Charmed Life (The Chrestomanci) by Diana Wynne Jones
|Charmed Life (The Chrestomanci) by Diana Wynne Jones|
|Category: Confident Readers|
|Reviewer: Magda Healey|
|Summary: Stylish but accessible, captivating and emotionally realistic story of magic in a (slightly) alternative world with a mildly Dickensian flavour but modern sensibilities. Better written than Harry Potter, but should appeal to most Potter fans and comes recommended for children and adults aged 7+.|
|Buy? Maybe||Borrow? Yes|
|Pages: 288||Date: April 2007|
|Publisher: Harper Collins Children's Books|
Cat Chant and his elder sister Gwendolen are orphans. Their parents have drowned in a paddle-steamer disaster and they are looked after by a certain Mrs Sharp, a Certified Witch. The Fund set up after the catastrophe helps with conventional education, while Gwendolen is receiving magic lessons from Mr Nostrum. Cat's and Gwendolen's lives change completely when a mysterious, powerful and a rather dashing personage - "You Know Who" - Chrestomanci himself takes the orphans to live with his family in the Chrestomanci castle. Gwendolen has high hopes for learning Advanced Magic and believes she's on the way to fame and power , but for the time being her increasingly more outrageous jinxes result in her magic being taken away from her: what is a witch to do, if her hopes for ruling the world are so cruelly squashed? What is the power the Castle is exerting on the children? Who are all those people surrounding Chrestomanci? And who is Chrestomanci himself?
Charmed Life is the first book in the now semi-classic series. Written in 1977, the novel has been reissued at the time of the publication of a paperback version of Diana Wynne-Jones new novel, The Pinhoe Egg by Diana Wynne Jones which continues the Charmed Life story.
The story is narrated exclusively from the point of view of Cat (though not technically by him) and there is a great deal of understated but very convincing emotional truth in the portrayal of his worries, feelings and attitudes. A younger brother, magicless and dominated by his rather fiery, selfish and bent on world-dominance sister, he nevertheless (and understandably) clings to her after the death of their parents and allows her to order him about and use (in more insidious ways too). Charmed Life is as much a tale of the children's adventure in Chrestomanci's Castle as of the undercurrents of sibling rivalry and emotional dependencies, as well as Cat's gradual disentangling from Gwendolen's dominance and coming to his own, if not, at least yet, coming of age.
Rarely for a children's book, there are not only twists and turns in the storyline, but one of the principal characters and a few secondary ones change their moral colours, and it's a genuine surprise not only for Cat but also for a reader. Younger children, especially girls, may need some dampening of their early enthusiasm for Gwendolen to lessen the disappointment.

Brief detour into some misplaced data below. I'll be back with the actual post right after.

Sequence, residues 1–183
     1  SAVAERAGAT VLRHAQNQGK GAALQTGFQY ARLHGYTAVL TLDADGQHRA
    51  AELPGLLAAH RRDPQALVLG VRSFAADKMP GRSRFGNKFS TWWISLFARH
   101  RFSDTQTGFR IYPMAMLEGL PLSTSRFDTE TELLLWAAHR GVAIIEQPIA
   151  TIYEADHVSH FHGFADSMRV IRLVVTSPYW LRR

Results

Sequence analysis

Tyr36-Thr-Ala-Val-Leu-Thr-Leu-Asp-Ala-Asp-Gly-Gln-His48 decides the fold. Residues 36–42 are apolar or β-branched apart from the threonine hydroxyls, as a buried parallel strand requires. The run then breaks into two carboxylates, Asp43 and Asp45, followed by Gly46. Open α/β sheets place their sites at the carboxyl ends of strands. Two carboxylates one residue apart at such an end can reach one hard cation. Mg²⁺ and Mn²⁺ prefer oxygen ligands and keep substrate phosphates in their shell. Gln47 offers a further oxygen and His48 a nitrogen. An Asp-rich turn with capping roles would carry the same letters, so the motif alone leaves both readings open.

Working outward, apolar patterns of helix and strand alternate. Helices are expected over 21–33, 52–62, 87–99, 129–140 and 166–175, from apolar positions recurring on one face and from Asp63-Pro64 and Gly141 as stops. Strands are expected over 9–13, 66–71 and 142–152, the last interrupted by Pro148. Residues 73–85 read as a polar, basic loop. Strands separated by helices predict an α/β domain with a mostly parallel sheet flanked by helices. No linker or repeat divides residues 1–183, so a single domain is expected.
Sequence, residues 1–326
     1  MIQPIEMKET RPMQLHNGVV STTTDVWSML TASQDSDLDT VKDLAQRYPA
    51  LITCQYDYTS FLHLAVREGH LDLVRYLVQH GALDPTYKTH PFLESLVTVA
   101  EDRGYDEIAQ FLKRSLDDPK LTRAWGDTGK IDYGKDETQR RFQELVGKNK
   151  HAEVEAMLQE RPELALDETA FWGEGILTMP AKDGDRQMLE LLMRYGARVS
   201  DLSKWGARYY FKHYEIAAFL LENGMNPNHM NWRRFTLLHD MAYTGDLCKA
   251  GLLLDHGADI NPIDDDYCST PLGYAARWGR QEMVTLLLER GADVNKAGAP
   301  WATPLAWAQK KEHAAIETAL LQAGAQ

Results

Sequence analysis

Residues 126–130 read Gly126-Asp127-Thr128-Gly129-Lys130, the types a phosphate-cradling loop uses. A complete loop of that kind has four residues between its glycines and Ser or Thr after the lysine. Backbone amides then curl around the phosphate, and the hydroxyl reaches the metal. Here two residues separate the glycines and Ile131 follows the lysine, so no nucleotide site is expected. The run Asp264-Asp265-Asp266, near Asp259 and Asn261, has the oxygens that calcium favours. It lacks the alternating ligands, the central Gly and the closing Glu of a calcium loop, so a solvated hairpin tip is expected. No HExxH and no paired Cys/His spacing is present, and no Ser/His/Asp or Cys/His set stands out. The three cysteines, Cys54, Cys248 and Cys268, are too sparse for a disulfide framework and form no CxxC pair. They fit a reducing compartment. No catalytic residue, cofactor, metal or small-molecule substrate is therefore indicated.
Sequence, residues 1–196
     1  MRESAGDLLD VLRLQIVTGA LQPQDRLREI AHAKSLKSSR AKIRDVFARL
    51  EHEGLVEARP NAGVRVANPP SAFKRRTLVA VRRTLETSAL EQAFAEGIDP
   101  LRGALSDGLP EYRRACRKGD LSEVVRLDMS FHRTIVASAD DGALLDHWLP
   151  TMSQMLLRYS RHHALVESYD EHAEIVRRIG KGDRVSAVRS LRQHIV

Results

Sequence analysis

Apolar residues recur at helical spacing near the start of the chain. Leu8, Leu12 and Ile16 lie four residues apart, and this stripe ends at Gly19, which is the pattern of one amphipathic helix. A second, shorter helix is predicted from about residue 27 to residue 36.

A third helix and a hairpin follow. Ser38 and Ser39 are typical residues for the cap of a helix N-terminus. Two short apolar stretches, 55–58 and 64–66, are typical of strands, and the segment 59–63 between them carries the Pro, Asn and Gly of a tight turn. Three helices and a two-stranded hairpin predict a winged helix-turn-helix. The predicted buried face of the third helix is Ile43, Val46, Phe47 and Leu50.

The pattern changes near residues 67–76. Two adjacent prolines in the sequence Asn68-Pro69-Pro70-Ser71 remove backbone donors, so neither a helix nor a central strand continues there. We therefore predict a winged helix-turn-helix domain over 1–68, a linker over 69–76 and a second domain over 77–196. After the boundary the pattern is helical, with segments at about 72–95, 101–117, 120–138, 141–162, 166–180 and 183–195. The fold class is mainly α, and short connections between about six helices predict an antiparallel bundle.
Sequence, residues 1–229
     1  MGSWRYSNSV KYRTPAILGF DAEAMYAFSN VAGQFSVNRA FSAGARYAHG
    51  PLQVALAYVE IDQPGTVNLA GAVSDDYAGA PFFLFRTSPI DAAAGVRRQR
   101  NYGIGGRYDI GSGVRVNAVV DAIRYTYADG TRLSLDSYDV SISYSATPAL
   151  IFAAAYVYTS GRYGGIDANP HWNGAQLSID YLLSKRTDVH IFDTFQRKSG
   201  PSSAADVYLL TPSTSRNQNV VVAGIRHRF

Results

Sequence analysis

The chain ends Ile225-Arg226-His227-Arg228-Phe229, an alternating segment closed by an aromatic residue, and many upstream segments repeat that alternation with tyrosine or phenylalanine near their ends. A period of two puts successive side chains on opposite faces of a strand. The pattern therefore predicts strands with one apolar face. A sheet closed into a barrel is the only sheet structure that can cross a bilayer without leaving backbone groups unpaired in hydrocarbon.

Above all, though, Charmed Life is a story of magic, with a deftly drawn but not over-described world in the background. Plenty of exciting action, suspense and colourfully described magic appeal to children's sense of adventure, there is a good sprinkling of often rather surreal humour and well developed cast of main and supporting characters, colourful but not falling into a caricature while the few really scary scenes exude genuine menace.
The focus is on the adventure, the magic and the psychological relationships between the characters, while the world building is done only as far as necessary. The more anorakish of the readers can fulfil their need to know more about the construction and mechanics of the world(s) of Chrestomanci by perusing the "beyond the book" extras at the end of the volume.
Even now, when older-children's fiction veritably overflows with wizards, the tale of Cat Chant is a story worth reviving. Written in a immediately accessible but slightly old-fashioned style that reminded me of Edith Nesbit, Susanna Clarke and even C. S. Lewis, Charmed Life is a readable, exciting and very engaging fantasy that would certainly appeal to what can be loosely described as the Harry Potter audience: children aged 8 up, teens and many an adult as well. At just over 200 pages, Charmed Life left me definitely wanting more, though it's clearly a book aimed at children and accessible from relatively early age: there is little in Charmed Life that can't be enjoyed by children as young as 6 - if the parent has willingness to read it to them.
Thanks to the publishers for sending the book.
In many ways this book (although children-aimed and much shorter) reminded me of Jonathan Strange and Mr Norrell but young people who enjoy this book might also like Tanglewreck by Jeanette Winterson.
Charmed Life (The Chrestomanci) by Diana Wynne Jones is in the Top Ten Books for Young Readers That Feature a Passage Between Worlds.
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You can read more book reviews or buy Charmed Life (The Chrestomanci) by Diana Wynne Jones at Amazon.com.
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